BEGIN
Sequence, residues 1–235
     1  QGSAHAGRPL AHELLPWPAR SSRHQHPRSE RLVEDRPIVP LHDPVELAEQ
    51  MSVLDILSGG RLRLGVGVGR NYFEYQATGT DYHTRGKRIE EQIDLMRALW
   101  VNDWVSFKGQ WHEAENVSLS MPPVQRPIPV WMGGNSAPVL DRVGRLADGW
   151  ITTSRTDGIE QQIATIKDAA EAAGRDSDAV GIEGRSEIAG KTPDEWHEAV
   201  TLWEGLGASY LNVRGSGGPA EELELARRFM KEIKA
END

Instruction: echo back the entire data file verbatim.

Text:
Sequence, residues 1–235
     1  QGSAHAGRPL AHELLPWPAR SSRHQHPRSE RLVEDRPIVP LHDPVELAEQ
    51  MSVLDILSGG RLRLGVGVGR NYFEYQATGT DYHTRGKRIE EQIDLMRALW
   101  VNDWVSFKGQ WHEAENVSLS MPPVQRPIPV WMGGNSAPVL DRVGRLADGW
   151  ITTSRTDGIE QQIATIKDAA EAAGRDSDAV GIEGRSEIAG KTPDEWHEAV
   201  TLWEGLGASY LNVRGSGGPA EELELARRFM KEIKA